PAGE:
Guth said Monday that the initiative is available for city electors to sign at the Aspen law office of Garfield and Hecht P.C.
Other locations and opportunities to sign have not yet been determined, he added.
Those who work in the development community will be asked to participate as subject experts when the work gets to a more detailed level regarding changes to affordable housing mitigation calculations for new growth, and other potential land-use code regulations.
“We are kind of building the plane while we are flying it,” Supino said. “We’ll have a template ready and by February, we’ll have the right resources for staff in place.”
Council members expressed their support earlier this month to pay for outside consultants to help city staff with the workload, and Supino said the internal team is looking at 12 different vendors that could possibly join the effort.
“The direction from council was to bring in the best resources while being good stewards of public dollars,” he said.
One of the bigger changes that is likely to come out of the moratorium is connecting the land-use code with the city’s climate action plan, which has not been done before, Supino noted.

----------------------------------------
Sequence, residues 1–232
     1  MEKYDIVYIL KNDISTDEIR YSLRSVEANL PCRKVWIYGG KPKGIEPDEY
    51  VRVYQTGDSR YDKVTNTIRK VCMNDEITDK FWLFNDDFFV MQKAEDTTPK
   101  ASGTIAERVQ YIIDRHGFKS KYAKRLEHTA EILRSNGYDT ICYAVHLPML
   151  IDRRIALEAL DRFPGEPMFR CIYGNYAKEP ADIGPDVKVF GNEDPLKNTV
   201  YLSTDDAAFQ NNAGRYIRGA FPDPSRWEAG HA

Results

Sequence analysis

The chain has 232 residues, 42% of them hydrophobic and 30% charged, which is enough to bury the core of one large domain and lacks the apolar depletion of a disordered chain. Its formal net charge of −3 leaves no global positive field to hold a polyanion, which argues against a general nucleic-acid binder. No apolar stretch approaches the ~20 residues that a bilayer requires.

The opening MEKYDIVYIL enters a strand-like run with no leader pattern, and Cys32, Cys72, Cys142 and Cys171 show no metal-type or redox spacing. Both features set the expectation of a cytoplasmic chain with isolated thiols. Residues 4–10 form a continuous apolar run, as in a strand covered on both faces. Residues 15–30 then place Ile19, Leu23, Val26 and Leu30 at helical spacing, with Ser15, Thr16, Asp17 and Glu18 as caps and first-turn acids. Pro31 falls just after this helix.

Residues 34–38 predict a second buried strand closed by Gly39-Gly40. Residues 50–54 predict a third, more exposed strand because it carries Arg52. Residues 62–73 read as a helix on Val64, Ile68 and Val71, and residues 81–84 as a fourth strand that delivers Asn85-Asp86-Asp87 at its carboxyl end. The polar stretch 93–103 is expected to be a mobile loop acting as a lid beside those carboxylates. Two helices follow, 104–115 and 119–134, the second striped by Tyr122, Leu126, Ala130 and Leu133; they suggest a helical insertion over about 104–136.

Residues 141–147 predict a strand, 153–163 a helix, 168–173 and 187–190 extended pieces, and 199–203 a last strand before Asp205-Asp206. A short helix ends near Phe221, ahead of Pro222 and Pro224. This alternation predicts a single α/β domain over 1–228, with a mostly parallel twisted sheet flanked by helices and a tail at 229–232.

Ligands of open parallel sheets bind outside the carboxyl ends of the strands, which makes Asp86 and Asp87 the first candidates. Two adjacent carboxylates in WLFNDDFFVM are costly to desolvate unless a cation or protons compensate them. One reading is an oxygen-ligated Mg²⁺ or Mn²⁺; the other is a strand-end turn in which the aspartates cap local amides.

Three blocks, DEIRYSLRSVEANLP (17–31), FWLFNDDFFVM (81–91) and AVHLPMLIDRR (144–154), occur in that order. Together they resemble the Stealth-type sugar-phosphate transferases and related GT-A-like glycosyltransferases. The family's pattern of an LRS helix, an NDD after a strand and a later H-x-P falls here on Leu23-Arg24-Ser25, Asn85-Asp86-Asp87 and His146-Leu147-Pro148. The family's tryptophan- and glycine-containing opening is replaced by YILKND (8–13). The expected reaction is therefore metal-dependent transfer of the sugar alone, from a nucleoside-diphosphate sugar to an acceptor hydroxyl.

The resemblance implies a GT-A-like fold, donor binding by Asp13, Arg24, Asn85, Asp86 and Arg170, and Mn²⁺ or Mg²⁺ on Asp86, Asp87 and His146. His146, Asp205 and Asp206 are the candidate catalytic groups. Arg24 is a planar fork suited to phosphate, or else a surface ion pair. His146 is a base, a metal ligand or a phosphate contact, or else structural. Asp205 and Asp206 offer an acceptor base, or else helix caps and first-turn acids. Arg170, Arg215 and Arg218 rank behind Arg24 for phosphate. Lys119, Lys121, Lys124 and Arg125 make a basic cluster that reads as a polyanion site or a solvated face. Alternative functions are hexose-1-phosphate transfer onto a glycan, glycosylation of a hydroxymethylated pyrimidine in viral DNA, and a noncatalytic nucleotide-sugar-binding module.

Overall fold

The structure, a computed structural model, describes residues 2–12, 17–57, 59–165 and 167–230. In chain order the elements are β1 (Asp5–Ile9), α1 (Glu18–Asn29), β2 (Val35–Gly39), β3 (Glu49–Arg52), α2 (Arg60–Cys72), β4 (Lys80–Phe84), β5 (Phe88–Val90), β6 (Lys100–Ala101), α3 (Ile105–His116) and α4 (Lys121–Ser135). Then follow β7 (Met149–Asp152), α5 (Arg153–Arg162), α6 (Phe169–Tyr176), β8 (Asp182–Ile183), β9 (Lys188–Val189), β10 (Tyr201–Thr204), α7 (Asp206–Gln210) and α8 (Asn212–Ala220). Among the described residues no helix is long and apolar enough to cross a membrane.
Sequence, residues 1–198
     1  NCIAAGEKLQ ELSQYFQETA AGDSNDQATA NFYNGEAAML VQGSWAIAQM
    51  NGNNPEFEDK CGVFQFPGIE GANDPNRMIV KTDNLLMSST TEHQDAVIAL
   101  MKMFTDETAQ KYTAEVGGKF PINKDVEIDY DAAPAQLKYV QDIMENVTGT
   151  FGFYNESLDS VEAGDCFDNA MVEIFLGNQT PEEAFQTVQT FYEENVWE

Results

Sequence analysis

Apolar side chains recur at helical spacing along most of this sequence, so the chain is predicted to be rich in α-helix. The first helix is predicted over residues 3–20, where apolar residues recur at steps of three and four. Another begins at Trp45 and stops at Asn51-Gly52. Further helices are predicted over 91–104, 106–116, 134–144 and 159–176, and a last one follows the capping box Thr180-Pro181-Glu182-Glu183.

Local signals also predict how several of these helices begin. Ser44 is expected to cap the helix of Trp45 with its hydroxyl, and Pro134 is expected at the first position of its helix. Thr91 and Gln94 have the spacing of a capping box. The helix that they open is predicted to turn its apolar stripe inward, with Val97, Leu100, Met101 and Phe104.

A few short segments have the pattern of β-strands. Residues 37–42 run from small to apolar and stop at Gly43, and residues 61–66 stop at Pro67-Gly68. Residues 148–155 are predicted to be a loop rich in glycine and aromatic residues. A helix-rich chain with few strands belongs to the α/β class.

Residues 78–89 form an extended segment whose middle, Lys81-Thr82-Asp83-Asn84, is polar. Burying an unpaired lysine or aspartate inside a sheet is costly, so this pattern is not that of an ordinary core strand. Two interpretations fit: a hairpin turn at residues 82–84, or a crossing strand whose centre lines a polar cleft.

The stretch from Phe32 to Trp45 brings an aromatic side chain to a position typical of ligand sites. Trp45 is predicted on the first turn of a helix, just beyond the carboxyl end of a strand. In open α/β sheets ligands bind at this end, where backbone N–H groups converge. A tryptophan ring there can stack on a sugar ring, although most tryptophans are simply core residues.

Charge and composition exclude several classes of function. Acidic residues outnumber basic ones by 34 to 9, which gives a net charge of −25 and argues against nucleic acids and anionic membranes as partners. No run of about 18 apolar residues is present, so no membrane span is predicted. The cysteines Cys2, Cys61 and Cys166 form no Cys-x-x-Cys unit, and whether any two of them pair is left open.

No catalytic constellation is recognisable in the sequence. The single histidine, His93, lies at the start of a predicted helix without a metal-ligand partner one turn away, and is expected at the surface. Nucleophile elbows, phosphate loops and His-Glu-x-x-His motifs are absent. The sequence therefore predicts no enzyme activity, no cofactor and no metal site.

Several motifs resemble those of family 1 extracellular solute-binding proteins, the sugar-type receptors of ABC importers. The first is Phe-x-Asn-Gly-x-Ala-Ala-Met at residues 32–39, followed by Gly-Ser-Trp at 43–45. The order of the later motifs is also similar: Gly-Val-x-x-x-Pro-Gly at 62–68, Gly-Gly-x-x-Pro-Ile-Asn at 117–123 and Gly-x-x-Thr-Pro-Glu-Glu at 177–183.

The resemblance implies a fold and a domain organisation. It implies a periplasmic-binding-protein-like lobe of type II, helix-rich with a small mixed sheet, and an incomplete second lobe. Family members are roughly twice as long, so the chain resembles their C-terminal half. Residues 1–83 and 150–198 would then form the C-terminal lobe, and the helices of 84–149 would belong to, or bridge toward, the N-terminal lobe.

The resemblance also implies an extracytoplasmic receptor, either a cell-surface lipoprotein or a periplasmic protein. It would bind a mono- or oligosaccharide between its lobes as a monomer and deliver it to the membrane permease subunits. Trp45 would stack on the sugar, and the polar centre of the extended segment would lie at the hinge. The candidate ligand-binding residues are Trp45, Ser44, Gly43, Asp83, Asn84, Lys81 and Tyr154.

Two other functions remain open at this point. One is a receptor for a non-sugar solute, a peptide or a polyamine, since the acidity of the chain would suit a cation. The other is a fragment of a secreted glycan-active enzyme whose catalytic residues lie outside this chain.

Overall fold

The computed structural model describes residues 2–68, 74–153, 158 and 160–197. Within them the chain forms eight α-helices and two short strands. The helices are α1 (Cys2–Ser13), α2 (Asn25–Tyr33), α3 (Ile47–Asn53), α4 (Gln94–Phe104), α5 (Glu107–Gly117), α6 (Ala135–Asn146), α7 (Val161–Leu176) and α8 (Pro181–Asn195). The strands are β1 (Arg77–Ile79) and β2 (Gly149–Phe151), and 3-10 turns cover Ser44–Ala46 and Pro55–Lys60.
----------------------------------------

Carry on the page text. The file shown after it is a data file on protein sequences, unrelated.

City officials, as stated in Ordinance 27 that put the moratorium in place on Dec. 8, cite the negative effects on the environment as a result of the fast pace of redevelopment of free-market residences.
Those properties need construction vehicles, consume energy, require sourced materials from elsewhere and produce solid waste, among other impacts.
Specific to the residential sector, cars and trucks on the road contribute to 11% of total greenhouse gas emissions in Aspen and construction trucks represent 50% of vehicles on the road in the city in a year, according to city officials.
In 2019, residential properties accounted for 29% of Aspen’s total greenhouse gas emissions, and 75% of the landfill is currently being filled with construction and demolition waste, according to the city.
City officials further argue that the impacts of speculative real estate activity is putting negative pressures on the local workforce, available housing and the quality of life that is emulated in the Aspen Area Community Plan, which is a guiding document that is used to make policy decisions.
The pause on residential development for up to six months and the issuance of permits on short-term rentals for up to nine months is to allow city officials to align current land-use code regulations, the AACP and the affordable housing program in an attempt to mitigate growth and the changing use in the local real estate market.
The idea of the moratorium was created organically as council members in recent months individually voiced their concerns to upper-level staff members who carried the initiative forward, Supino said.
“It’s the coming together of ideas in response to problems statements made by council members,” he said.
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The state of Snowmass Village is looking good going into 2022, according to Snowmass Village Town Manager Clint Kinney.